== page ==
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Ibrahim El-Salahi Pain Relief at The Saatchi Gallery, London

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Above, a blindfolded camel powers a traditional sesame oil press on the outskirts of Khartoum. Below, screenshot of the silky froth of recently pressed sesame oil from the brief video dedicated to this ancient craft, embedded and annotated in this post). Sesame oil produced in this way is known as Simsim al-Walad and is prized throughout Sudan and beyond for its purity, taste, nutritional and medicinal qualities.

Journeying along ancient trade routes from India to Mesopotamia more than two millennia ago, sesame was to become integral to life in the Islamic world, where sesame oil was initially used for lighting lamps and accepted as payment of zakat. (The Power and Delight of Sesame Seeds).

“Once the donkey eats all the sesame/ What is there left for us to draw our lamp-oil?” Rumi, as quoted in Sesame:The genus Sesamum, edited by Dorothea Bedigian

You are welcome to reproduce any of my photos of the sesame press, referencing this blog.

Above, the seed pod and flowers of the sesame plant. The “Open Sesame” of Antoine’ Galland’s Les mille et une nuits, has numerous etymologies. Some believe it refers to the sesame plant and invokes the unlocking of treasures – as the sesame seed pod bursts open on maturity to reveal its oil-rich seeds, while others claim Talmudic or Babylonian origins. The title,“Sesame and Lilies”, of Ruskin’s series of lectures on Victorian education and conduct, is said to refer to the treasures of knowledge and wisdom conserved in books and libraries.

The Camel and the Sesame Seed; Ustez Adam Hussain and his Sesame Oil Press

Setting the Scene

Queen of Oilseeds yet Orphan Crop Al-Walad Sesame Oil

Queen of Oilseeds yet Orphan Crop”

Left, sesame seed pods (photo, Wikicommons). Often described as a “survivor crop”, sesame is drought-resilient, requiring substantially less water than both cotton and sorghum and can be grown by subsistence farmers on semi-desert terrain. Grown in the “clay plains of central and eastern Sudan”, planting takes place mid-July, with a harvest season of 85 days. In 2015, Sudan was second largest exporter of sesame seeds, after India. Most Sudanese sesame is grown in North Kordofan and Gedarif.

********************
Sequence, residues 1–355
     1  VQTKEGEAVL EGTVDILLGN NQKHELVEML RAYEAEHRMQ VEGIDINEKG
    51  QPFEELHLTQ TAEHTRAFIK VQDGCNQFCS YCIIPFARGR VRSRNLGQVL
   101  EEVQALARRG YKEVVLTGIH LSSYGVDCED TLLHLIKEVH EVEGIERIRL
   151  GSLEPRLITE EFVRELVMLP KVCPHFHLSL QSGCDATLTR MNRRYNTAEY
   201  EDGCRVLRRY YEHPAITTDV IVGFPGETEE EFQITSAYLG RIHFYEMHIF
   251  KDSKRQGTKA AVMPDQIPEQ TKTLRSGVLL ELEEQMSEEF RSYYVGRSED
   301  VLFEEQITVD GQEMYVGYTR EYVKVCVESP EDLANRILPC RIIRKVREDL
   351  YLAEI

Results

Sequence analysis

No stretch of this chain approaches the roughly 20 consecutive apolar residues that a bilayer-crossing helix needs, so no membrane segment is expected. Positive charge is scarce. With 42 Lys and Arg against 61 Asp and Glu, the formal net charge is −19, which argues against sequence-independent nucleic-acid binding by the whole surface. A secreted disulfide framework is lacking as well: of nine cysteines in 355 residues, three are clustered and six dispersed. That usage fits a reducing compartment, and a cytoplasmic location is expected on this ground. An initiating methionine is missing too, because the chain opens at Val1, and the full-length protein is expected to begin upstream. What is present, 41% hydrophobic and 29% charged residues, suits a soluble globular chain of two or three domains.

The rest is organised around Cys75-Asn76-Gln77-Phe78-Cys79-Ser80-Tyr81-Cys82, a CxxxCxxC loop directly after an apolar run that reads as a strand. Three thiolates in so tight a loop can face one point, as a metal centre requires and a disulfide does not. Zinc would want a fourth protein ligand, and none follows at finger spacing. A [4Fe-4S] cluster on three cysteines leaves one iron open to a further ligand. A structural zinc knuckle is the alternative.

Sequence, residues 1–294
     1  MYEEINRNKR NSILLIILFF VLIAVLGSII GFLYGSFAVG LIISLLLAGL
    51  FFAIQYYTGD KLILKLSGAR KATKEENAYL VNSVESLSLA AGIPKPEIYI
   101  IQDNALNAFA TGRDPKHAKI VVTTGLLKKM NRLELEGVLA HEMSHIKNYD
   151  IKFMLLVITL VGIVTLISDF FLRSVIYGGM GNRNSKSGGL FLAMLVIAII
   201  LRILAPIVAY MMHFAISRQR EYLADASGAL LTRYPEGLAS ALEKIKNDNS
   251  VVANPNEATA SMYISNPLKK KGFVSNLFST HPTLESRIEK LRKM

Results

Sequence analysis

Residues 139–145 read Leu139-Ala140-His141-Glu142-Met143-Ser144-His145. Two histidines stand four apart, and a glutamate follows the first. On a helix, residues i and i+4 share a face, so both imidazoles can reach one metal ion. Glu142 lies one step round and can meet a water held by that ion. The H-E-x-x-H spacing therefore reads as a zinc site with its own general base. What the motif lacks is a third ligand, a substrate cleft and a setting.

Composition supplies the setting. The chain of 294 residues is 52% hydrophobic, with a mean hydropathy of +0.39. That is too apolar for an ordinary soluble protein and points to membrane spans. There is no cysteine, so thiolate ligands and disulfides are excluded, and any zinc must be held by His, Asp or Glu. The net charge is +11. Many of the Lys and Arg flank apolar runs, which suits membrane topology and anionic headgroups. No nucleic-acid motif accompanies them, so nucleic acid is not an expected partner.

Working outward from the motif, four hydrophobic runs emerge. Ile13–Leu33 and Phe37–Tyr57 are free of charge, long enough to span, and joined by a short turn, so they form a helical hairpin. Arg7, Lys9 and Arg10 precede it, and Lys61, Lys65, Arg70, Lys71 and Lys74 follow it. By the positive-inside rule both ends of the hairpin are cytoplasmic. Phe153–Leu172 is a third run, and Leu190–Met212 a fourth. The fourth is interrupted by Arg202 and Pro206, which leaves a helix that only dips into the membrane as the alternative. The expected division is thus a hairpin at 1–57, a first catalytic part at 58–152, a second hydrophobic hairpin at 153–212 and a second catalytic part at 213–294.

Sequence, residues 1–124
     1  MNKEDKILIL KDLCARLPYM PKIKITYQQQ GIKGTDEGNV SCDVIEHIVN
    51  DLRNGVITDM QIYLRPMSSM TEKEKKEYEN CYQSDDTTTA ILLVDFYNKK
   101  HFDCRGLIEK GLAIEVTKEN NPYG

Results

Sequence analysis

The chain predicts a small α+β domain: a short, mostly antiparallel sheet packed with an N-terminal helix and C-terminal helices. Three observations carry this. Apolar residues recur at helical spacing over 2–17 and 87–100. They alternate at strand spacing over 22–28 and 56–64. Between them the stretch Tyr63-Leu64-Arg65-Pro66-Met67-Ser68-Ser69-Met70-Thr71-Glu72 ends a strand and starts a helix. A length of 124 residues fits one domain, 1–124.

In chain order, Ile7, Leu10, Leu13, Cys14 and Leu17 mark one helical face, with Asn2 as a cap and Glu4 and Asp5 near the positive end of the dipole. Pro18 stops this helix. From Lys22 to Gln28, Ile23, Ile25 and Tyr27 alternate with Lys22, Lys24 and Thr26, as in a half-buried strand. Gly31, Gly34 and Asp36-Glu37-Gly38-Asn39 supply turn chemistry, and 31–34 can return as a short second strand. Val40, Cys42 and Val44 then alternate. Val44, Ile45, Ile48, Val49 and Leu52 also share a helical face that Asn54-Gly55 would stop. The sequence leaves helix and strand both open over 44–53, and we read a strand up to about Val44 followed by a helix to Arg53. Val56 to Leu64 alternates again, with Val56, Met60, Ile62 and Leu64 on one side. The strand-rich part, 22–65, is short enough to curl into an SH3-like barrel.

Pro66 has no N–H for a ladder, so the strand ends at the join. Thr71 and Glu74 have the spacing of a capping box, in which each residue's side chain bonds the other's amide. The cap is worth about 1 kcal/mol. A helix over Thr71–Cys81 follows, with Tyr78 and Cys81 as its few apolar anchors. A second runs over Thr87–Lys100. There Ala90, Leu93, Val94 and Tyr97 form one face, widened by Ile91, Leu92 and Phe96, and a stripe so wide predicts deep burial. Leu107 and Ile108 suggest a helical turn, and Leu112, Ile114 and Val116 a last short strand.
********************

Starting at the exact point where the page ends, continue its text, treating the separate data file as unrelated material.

In her essay, Paradox of Sesame: Queen of Oilseeds yet Orphan Crop, Bedigian reminds us of the harsh truth that despite its lucrative nutritional and industrial uses, sesame remains the crop of “the world’s exploited, forgotten ignored and rejected”.

Research on sesame lacks funding support worldwide…The danger is that with habitat loss and genetic erosion, out-migration from rural areas to urban, adoption of “new crops” and meteoric modernization, subsistence cultivators and their agricultural practices are rapidly disappearing”. (Sesame: The genus Sesamum, p 25).

Sudan has managed to sustain its sesame seed export industry despite famine, civil war, secession, and trade sanctions. It’s an impressive story of resilience and adaptability to unfavorable weather conditions, but the country’s yields have remained well below the global average, and are only a fraction of the Sub-Saharan average.”

……..”there are craftsmen who are specialized in cutting the wood and shaping the tools that are used in the industry…..He said the mahogany comes from southern areas of the country….., the poles and the trunk of the mahogany trees last between 5 to 6 months after which they have to be replaced with new ones”.

The Story of the Blindfolded Camel

Simsim al-Walad; Al-Walad Sesame Oil

Right, the central pestle of the press, known as the “walad” or child “of the huge trunk which contains the sesame seeds”. Zeyt al-Walad – the umbrella term for sesame oil produced in this way – “is light and yellow in color. It has no sour taste and can stay intact for over two years without change or alternation in taste. It differs from the oil produced in factories, as it is lighter and free of any impurities. The factory oil is usually greenish and contains impurities because of the leaves that are sometimes ground with the seeds, giving it a sour taste and is quickly perishable. The oil is used to treat chest infection, coughing, sneezing, joint pains as well as orthopedic pain, and malaria when consumed and anointed on the infected part.” See the video below for more on zeyt al-walad.

The Story of the Blindfolded Camel

Below, sesame oil pressing in AL-Burgeig, Northern Province in the mid 1980s.

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The Camel and the Sesame Seed; Ustez Adam Hussain and his Sesame Oil Press

You can watch the short Sudanese Arabic video report here, followed by a detailed summary of the interview below. If you are interested in studying an Arabic text on this fascinating topic, you might enjoy the transcription and notes of a shorter, 4-minute report in